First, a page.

“I don’t want to die, I don’t want to die.” These were the words I was yelling, convincing myself to stay alive in a 60-70 knot katabatic wind that attacked us on our first day’s paddle along the Antarctic Peninsula in early 2006.
Three days earlier, myself, together with Stuart Trueman and Andrew Mcauley were attempting to paddle unsupported along the entire length of the Antarctic Peninsula. We were attempting to honour an early Australian Antarctic explorer John Rymill, an explorer credited with charting the Peninsula between 1934 and 1937.
We had just been dropped off at our start point at the old British base of Hope Bay at the very northern tip of the Peninsula and had packed our kayaks ready to start our trip. However, we spent the next few days frustrated from bad weather and unable to paddle. Finally, after three days of strong winds we awoke on 9 February 2006 to calm seas and fair winds and off we paddled to what would be an eventful first day but also a gruelling 30-day paddle along one of the harshest coastlines in the world.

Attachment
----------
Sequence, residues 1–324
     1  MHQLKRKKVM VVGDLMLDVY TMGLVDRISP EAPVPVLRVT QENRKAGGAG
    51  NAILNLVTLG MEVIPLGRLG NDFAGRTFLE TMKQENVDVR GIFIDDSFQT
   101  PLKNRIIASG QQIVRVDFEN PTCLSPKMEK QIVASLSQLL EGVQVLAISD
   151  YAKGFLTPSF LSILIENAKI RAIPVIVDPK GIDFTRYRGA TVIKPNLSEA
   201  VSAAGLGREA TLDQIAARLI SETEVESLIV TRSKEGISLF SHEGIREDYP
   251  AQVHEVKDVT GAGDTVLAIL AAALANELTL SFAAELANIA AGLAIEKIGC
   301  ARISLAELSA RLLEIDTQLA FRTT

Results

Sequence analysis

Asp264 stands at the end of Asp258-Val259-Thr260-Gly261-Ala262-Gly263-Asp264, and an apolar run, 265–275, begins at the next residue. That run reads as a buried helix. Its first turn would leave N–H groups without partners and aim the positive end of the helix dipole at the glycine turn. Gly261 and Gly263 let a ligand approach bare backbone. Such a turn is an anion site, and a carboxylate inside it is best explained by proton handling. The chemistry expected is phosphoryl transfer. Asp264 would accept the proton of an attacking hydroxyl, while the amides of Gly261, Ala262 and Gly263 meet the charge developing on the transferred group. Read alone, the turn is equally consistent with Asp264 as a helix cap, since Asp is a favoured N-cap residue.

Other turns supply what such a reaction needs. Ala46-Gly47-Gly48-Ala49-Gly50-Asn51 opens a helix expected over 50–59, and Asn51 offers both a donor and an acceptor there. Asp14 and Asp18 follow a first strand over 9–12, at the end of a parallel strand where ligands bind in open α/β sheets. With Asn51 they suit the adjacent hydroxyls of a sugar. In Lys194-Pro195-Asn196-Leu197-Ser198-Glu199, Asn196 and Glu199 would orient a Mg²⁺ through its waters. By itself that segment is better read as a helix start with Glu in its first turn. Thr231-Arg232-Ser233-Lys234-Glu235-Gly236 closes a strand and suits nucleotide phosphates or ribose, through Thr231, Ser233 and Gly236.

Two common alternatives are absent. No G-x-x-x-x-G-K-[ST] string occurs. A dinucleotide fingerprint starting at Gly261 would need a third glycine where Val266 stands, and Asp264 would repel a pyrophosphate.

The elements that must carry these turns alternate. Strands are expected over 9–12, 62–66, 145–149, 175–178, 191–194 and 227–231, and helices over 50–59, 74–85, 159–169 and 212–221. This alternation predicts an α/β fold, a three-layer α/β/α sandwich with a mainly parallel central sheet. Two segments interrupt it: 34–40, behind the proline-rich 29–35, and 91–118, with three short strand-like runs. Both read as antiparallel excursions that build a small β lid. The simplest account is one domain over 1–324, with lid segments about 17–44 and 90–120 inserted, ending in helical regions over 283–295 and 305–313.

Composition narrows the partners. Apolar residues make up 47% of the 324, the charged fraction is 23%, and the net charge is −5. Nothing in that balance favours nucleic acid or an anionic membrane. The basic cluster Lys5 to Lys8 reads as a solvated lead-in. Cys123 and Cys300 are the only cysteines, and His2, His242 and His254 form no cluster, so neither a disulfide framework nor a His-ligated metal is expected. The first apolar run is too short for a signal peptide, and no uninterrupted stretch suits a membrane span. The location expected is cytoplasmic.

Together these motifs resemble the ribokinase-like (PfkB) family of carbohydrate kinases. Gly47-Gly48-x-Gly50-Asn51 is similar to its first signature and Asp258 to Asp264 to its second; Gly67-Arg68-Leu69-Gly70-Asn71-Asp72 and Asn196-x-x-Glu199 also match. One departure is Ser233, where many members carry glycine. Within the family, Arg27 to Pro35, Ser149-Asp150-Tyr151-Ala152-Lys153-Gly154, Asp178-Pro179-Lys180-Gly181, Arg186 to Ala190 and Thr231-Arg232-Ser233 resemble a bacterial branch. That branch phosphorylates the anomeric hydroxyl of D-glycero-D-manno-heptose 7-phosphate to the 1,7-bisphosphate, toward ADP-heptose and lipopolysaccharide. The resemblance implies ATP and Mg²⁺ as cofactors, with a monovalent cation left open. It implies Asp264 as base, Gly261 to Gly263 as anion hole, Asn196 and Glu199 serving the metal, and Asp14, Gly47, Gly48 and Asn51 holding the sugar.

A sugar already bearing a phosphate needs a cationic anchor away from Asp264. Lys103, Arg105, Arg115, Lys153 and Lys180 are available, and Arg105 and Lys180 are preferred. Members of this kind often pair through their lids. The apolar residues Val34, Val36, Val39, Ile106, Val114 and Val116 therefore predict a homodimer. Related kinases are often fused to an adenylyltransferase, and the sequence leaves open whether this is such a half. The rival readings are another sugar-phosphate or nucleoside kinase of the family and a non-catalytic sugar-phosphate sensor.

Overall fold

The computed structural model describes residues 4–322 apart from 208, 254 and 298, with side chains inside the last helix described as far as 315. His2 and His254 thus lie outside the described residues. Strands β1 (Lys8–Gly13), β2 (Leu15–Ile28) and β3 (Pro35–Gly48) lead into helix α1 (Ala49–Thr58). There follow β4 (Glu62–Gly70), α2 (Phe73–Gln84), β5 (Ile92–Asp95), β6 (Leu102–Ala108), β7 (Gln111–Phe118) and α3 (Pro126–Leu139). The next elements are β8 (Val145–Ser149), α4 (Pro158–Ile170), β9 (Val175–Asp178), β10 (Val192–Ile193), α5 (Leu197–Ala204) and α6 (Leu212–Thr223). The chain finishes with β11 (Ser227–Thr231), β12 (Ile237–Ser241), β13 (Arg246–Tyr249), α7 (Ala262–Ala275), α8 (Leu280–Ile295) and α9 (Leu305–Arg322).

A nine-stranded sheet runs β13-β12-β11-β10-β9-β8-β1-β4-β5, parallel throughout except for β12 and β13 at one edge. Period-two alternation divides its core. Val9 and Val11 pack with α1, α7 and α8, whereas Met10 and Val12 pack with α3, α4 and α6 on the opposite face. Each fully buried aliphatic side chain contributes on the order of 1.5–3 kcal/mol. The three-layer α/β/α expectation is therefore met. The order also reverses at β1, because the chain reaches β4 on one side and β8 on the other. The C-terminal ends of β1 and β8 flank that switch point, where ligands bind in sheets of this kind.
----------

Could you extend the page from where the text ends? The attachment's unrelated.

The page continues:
We left Hope Bay and paddled off south around the corner, excited about finally starting. Five km into the first day, we had our first of many close calls. We were straight lining from headland to headland due to the load of the kayaks (weighing in at approximately 200kgs each without paddlers), we were one third of the way across a big bay that was surrounded by high ice cliffs when we first noticed a light head wind. Slowly at first the wind strengthened and then it increased within half an hour to a full gale force wind of at least 70 knots. A good size sea was hitting us, dangerously blowing Andrew’s and my kayaks uncontrollably beam on to the wind. This left us fighting individually for our lives as we had become separated in these winds, independently deciding to turn and run back to Hope Bay. Stuart who was in the only skeg-operated kayak — a Nadgee Expedition — simply put his skeg down and surfed back to safety behind the last headland, but strangely it was Andrew and I in ruddered boats who had the handling problems.